Magneto-Rheological Fluid Semiactive Suspension System Performance Testing on a Stryker Vehicle 2006-01-1379
A Magneto-Rheological (MR) Fluid Semiactive Suspension System was tested on a Stryker vehicle, Infantry Carrier Variant (ICV), to determine the performance improvements compared to a standard ICV Stryker vehicle. In January 2005, the testing was conducted at the U.S. Army Yuma Proving Grounds located in Yuma, Arizona. The testing was conducted under the guidance of the U.S. Army Tank-Automotive Research, Development, and Engineering Center (TARDEC) of Warren, Michigan and MillenWorks of Tustin, California. The core of the system tested is comprised of 8 dampers and controllers using proprietary algorithms to modulate individual wheel forces in response to terrain inputs and body motion. Functionality of the Standard Stryker vehicle’s pressurized gas spring and ride height management system was fully retained while maintaining the physical envelope of the original damper. The systems low power consumption (80 watts idle, estimated 250 watts cross-country, and 800 watts theoretical peak) did not require an additional power source. The MR Suspension system was intentionally designed to maintain the standard wheel travel, spring rate, and spring gas volume.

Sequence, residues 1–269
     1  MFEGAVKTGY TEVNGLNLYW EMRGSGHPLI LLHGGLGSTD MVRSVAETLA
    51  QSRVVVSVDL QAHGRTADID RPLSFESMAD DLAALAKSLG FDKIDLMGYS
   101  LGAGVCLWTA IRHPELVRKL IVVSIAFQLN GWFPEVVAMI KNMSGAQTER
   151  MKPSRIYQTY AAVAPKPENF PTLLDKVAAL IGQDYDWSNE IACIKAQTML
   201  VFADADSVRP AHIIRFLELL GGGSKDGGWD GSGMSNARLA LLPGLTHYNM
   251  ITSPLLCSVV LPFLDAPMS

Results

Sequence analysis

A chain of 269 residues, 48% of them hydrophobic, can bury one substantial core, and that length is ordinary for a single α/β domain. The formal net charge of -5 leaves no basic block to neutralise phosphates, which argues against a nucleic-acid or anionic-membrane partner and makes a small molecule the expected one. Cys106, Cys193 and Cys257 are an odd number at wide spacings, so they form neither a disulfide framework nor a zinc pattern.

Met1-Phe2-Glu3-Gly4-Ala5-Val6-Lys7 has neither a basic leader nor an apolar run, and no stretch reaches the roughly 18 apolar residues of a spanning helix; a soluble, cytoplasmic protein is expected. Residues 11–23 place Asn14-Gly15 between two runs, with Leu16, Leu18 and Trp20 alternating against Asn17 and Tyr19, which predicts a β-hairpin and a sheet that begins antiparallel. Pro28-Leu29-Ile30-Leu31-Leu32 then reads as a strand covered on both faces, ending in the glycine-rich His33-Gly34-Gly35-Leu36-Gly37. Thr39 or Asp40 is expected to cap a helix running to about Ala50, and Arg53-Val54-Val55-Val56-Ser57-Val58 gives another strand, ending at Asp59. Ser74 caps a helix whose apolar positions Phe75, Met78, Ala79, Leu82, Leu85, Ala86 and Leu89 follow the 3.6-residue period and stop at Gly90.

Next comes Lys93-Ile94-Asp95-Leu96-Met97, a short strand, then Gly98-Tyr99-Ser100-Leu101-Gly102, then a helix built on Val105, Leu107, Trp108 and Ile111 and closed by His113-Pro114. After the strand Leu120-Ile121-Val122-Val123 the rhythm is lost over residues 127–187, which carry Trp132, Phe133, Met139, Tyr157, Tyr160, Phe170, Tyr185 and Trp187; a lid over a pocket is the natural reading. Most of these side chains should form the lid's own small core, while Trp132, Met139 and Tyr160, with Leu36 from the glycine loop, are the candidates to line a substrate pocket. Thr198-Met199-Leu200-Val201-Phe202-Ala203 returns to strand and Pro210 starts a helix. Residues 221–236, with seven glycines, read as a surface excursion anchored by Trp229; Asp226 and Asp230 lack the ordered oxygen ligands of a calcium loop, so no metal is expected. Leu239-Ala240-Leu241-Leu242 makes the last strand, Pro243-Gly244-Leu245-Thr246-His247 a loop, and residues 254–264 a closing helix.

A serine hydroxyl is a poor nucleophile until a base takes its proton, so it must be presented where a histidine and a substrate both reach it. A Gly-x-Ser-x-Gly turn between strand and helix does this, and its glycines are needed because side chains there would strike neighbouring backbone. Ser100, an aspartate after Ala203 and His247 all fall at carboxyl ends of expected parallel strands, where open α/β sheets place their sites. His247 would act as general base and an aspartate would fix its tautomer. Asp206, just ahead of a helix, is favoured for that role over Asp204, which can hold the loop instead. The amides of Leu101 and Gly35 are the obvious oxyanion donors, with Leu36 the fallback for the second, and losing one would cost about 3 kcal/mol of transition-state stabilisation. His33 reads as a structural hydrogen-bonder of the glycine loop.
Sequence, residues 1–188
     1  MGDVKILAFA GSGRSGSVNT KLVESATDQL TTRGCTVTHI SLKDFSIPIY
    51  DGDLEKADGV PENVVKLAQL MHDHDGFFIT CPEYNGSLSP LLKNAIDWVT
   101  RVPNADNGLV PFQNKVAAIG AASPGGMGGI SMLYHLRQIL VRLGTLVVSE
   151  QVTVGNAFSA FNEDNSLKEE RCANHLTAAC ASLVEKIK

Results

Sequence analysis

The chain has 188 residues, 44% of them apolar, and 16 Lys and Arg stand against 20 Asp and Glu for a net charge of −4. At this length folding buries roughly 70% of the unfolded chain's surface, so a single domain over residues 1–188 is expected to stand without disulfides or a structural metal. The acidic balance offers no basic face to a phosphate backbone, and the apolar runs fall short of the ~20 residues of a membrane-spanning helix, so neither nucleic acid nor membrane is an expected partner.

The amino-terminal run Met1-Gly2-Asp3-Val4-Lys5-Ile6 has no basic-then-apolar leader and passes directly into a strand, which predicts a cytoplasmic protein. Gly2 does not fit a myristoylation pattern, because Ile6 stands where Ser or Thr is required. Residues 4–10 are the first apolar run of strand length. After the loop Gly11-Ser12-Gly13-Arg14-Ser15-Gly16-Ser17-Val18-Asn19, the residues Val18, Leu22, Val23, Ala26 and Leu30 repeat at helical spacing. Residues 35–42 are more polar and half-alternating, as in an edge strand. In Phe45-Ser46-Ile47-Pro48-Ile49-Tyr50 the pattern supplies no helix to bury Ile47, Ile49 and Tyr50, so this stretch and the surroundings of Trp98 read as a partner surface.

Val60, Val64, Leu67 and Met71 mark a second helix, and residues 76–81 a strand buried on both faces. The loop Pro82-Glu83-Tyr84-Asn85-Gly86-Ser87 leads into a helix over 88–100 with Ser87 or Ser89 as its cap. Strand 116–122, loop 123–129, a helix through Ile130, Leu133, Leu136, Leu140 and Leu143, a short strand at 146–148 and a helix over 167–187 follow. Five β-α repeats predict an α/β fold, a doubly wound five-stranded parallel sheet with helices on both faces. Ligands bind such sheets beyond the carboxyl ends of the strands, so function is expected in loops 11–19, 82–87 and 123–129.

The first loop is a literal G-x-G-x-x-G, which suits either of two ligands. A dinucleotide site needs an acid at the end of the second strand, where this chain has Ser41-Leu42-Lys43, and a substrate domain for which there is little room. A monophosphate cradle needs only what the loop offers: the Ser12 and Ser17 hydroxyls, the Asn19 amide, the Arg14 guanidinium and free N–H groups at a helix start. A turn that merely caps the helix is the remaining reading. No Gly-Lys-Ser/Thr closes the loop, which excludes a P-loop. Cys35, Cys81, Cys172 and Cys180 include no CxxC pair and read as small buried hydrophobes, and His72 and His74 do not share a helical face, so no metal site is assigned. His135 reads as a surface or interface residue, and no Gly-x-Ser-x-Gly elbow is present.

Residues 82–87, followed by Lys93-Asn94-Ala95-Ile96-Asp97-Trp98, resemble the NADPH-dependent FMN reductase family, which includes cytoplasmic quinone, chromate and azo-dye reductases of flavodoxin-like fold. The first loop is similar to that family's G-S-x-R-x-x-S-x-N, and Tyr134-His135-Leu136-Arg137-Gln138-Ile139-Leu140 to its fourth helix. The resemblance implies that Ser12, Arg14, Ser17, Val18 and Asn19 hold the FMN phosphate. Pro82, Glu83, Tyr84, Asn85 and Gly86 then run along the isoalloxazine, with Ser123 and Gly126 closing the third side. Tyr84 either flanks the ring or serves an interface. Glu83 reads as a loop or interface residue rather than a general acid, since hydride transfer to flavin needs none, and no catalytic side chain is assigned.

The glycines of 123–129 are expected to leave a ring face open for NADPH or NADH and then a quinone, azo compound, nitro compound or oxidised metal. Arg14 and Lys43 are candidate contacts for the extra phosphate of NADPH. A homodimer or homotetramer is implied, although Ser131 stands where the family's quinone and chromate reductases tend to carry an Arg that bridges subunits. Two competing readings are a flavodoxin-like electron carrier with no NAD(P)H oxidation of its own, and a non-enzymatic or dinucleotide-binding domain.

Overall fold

Over a range of off-road bump courses, the MR Stryker’s best performance was a 72% increase in the vehicle’s speed, from 22 mph (standard vehicle) to 38 mph at the 6-watt level of driver absorbed power (a measure of transmitted vibration). The system also showed marked improvements during aggressive on-road maneuvers like lane changes. The rate of vehicle roll was reduced by 30%. The maximum lane change speed increased from 38 mph (standard vehicle) to over 50 mph with the MR system.
This suspension technology is a cost effective, bolt-on system that has increased cross-country speeds, improved ride quality, and helped with platform stability thereby increasing battlefield effectiveness, safety levels for the operator and crew, and reducing potential for vehicle damage and associated maintenance activities. Its relatively simple design and cost effectiveness allows insertion of this technology into new vehicle designs, both wheel and track, as well as the potential for spiral upgrades with existing vehicles.